1999 April 21
Chris Muriel publishes version 3.0 of a digital TV FAQ containing the following passage regarding BSkyB receivers:
Sky awarded 4 manufacturers with a contract for this receiver to a common specification supplied by Sky. They are Pace, Panasonic, Amstrad and Grundig.
The specification is as follows:
Proprietary built-in (non replaceable/hard wired) CAM with Sky’s own encryption system ; this is from another Murdoch subsidiary (NDC).
Two SCART sockets, fast modem & it is able to receive some non-Sky FTA transmissions – those with Symbol Rates of 22, 000 & 27, 500 only.
The contracts were awarded to Pace, Amstrad, Panasonic & a Grundig consortium (with TV/Com). These are only sold/rented to those within Sky’s subscriber area (just like existing BSkyB analogue) along with a smart card.
The price is subsidised to kick-off interest in BSB Digital.
There’s a description of the Pace Sky receiver in the May 1998 Cable & Satellite Europe magazine. This confirmed that the video encoder includes Macrovision 7.01 for all composite & RGB output signals.
Also included is 16:9 (widescreen) aspect ratio support, RD600 interface a V32 (with V42bis) modem and 2 scart sockets -although Sky’s own specification only calls for one. 1 intended use of the RD600 port is to download games to a PC directly from BSkyB.
An IEEE 1394 (firewire) port could allow connection to DVD players.
There are 2 RF outputs & 4 MBytes each of flash RAM & SDram.
Examples now appearing (January 1999) of the Amstrad, Grundig (GDS200) & Panasonic (TU-DSB20) show identical features & sockets/connectors etc. Only the physical layout and styling of the individual receivers seems to differentiate them. From user reports it seems that the Panasonic & Grundig run cooler than the Pace & Amstrad. The Panasonic has a huge amount of heat sinking which no doubt helps. Its menus also seem to function more quickly than the others. Another annoying missing feature with these receivers is that there was supposed to be an S-Vhs output but it doesn’t work -the hardware exists but not the software to enable it. It’s not very user-friendly when used on satellites other than Astra at 28 degrees east & can only store a limited number of “non-Sky-approved” channels. For its intended purpose of receiving BSkyB Digital channels from Astra 2A at 28 degrees east it represents reasonable value at its subsidised price. Without the BIB subsidy, which means the owner does not agree to have the modem port permanently connected to a phone line, the price of around 350 UKP doesn’t seem particularly competitive in my opinion; however, there isn’t any other way (via satellite) to receive the BBC & Channel 4 programs that Astra 2A transmits with NDC VideoGuard encryption. Suitable viewing cards for the BBC channels are available free but will only work with the 4 variants of official BSkyB receiver.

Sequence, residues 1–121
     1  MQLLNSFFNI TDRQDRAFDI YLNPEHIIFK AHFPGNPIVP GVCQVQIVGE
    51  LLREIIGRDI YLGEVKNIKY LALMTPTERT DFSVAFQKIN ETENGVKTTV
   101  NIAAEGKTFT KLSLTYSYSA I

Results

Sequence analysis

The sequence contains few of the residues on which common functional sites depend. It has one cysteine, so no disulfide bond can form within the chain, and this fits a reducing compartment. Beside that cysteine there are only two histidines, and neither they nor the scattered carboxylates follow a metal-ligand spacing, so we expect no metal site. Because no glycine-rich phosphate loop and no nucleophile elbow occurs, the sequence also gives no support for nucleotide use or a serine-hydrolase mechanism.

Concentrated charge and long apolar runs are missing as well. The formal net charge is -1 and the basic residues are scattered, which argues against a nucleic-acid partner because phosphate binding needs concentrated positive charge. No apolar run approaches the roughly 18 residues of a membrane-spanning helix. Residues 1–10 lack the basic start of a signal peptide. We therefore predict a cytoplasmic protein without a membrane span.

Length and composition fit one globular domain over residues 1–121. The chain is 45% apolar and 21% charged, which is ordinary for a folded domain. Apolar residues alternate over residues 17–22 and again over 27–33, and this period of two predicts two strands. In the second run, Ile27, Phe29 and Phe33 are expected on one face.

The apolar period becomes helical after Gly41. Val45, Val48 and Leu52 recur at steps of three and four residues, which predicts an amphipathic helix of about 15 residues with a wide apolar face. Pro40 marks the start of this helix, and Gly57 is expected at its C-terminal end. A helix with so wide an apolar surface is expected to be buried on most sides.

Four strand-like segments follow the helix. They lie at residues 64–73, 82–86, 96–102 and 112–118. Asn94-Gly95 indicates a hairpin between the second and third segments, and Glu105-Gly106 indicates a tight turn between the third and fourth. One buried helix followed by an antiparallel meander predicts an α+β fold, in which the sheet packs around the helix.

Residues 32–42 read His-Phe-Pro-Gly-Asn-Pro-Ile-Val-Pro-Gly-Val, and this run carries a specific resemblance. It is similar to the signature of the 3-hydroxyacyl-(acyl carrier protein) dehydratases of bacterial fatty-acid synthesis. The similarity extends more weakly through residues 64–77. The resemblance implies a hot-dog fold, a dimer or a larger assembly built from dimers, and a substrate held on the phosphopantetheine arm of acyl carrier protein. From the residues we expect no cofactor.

https://www.your-book.co.uk/digifaq.htm (formatting altered slightly for readability)
1999 May 27
DesignWeek again announces a corporate rebrand at Sky, this time with Wolff Ollins, a somewhat minor tweak compared to the previous redesign. The logo would official be used from the 1st of June.
(Logo from https://logos.fandom.com/wiki/Sky_Limited#1999.E2.80.932001)